Wanting to keep her mother company while she and her husband were away, the Schneiders housed a man and his family in the cellar.

“He said, ‘Mrs. Schneider, I was sent to Siberia and we had to build our own houses,’” she remembered. “‘If you let me cut some trees, I can build something here.’ Oh, my husband was delighted. He got a sawmill for him. He chose his trees, cut them into boards. We went over to Mr. Prince’s on the other side of Alanthus (Road), and that’s the log cabin over by the barn.”

In the 1900s the farm was the home to Berry Hill Dyspepsia Water, advertised as “for dyspepsia, indigestion, constipation and all forms of stomach disorders. Remedy of great merit for kidney diseases, acid, diathesis, stone, gravel, rheumatism, and dropsical affections.”

The spring from which the water came is still on the property, but is now only used as a conversation piece for visitors.

The Schneiders first decided to share their home with visitors after joining the Culpeper Historic Society years ago, but were away for several years before returning permanently about two years ago.

Since then, more people have come asking to see the home, prompting her to allow it be opened for the BSF fall celebration.

“I thought, I don’t mind sharing what I’ve been enjoying all my life,” Schneider said.

Celebrating 20 years
The fall celebration also serves as an opportunity for the board to honor all of its members for 20 years of service to the battlefield.

Geisler said 66 members have been invited to attend, and they will receive a special recognition at the luncheon.

Wittenberg’s speech will likely be a highlight for those attending, but just being invited was a highlight for the writer, Hall said.

“He’s a terrific cavalry scholar,” Hall said. “He’s written prolifically on cavalry actions during the Civil War. He’s a close personal friend, and I called him and told him to get his rear out here from Ohio.

“He views this particular invitation as one of the crowning achievements of his career.”

For the volunteers of the Brandy Station Foundation, making 20 years as an organization has to be a crowning achievement as well.

Hall recalled the early days and how the BSF was looked upon as “outsiders trying to stop development.” Now, they are seen as responsible neighbors.

“The important thing about battlefield preservation is that this is community service at its least selfish,” Hall said. “People come forth, give of their own time and resources to aid the cause of America’s greatest cavalry battlefield. This is the most generous token of human kindness that can be considered.

“That is important. No one gets paid here. And, it takes real human courage to serve in a then-unpopular but just cause.”

This just cause has helped save hundreds of acres of pristine battlefield, and has given the foundation a chance to showcase wonderful pieces of living history like Berry Hill.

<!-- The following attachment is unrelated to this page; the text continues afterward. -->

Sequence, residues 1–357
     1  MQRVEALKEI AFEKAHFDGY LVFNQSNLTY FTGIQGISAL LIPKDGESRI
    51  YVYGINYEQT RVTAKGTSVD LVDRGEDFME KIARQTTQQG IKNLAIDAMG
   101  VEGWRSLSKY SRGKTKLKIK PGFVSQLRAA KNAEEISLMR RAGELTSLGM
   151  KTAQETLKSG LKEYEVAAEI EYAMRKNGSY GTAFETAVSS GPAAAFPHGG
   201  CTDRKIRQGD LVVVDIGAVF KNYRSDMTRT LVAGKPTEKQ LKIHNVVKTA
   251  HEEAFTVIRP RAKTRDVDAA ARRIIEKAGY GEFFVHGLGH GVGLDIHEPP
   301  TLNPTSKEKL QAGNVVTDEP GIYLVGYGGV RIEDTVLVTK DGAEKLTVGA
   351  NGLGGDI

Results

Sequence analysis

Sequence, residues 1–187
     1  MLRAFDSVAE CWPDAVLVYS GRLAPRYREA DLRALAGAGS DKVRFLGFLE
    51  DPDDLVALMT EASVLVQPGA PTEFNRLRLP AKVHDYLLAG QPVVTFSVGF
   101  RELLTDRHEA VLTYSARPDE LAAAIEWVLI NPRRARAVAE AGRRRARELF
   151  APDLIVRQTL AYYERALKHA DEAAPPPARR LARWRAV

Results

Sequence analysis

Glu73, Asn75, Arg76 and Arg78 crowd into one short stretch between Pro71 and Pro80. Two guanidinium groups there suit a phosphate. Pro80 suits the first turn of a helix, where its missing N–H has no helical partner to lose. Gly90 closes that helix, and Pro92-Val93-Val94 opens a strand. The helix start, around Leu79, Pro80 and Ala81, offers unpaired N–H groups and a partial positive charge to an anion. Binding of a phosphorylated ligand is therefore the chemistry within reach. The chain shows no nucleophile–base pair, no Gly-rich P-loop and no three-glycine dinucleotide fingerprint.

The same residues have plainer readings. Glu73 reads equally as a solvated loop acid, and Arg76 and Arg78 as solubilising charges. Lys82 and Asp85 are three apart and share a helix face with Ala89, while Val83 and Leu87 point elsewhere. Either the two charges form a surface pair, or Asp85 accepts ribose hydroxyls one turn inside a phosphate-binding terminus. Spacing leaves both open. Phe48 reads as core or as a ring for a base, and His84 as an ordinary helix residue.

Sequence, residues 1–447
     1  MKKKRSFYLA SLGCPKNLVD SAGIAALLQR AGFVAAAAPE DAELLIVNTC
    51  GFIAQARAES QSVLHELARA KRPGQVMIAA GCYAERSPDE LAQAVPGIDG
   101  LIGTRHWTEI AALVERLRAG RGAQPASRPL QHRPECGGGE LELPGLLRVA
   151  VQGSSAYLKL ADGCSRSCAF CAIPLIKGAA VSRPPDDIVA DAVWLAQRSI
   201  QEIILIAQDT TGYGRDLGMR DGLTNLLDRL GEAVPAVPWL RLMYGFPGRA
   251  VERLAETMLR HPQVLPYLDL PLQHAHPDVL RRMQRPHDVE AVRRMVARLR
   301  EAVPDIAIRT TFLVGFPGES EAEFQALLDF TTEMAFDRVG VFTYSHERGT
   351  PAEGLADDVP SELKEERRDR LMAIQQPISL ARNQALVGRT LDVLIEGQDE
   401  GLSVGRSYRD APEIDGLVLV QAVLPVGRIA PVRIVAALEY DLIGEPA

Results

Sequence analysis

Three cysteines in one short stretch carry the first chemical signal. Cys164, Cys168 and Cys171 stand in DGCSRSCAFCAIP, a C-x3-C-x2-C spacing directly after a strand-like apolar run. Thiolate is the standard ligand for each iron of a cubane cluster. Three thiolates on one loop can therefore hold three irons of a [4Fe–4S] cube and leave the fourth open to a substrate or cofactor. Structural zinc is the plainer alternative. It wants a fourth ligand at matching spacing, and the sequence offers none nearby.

“Not a lot of people have visited this house because of its remote location,” Hall said. “This is an opportunity to see one of Culpeper’s most historic homes that most people in this county have not seen.”

Want to go?
What: Brandy Station Foundation’s 20th anniversary fall
When: Sept. 13, 1 to 4 p.m.
Where: Berry Hill Farm, 22544 Carrico Mills Road, Brandy Station
RSVP: Reservations must be received by Sept. 6. Call Helen Geisler at 399-1637 or e-mail director@brandystationfoundation.com .
Directions: From Culpeper, on U.S. 29 at Brandy Station light, turn right onto Ailanthus Road, go left at the stop sign and follow the road to the right as it crosses the railroad tracks. Continue straight, as you are now on Carrico Mills Road. Travel 2.8 miles to a stone-pillared driveway marked Berry Hill Farm Drive. Be aware, it is a long driveway.

Original member of BSF recalls struggles
It’s hard for Clark “Bud” Hall to believe it’s been 20 years since the Brandy Station Foundation was formed.

Hall, a driving force behind the genesis of the local battlefield preservation group, recently recalled some of the struggles endured in those early years.

In the mid-1980s, Hall moved to Virginia while working for the FBI. Immensely interested in the tactical strategies of the Civil War, he was drawn to Brandy Station in an attempt to understand the movements of JEB Stuart’s cavalry division on June 9, 1863.

Through the courtesy of generous landowners, Hall was welcomed onto their property, where he was in awe of the vast scope of the huge and magnificent battlefield.

“It became clear to me that heretofore the battlefield had never been properly documented,” Hall said. “It had never been mapped. There were accounts written about the battle of Brandy Station, but none were at the tactical level.”

A Marine infantryman in the Vietnam War, Hall was familiar with terrain, specifically how it affects leadership. His original plan was simply to visit the battlefield and put together a photographic narrative of the battle.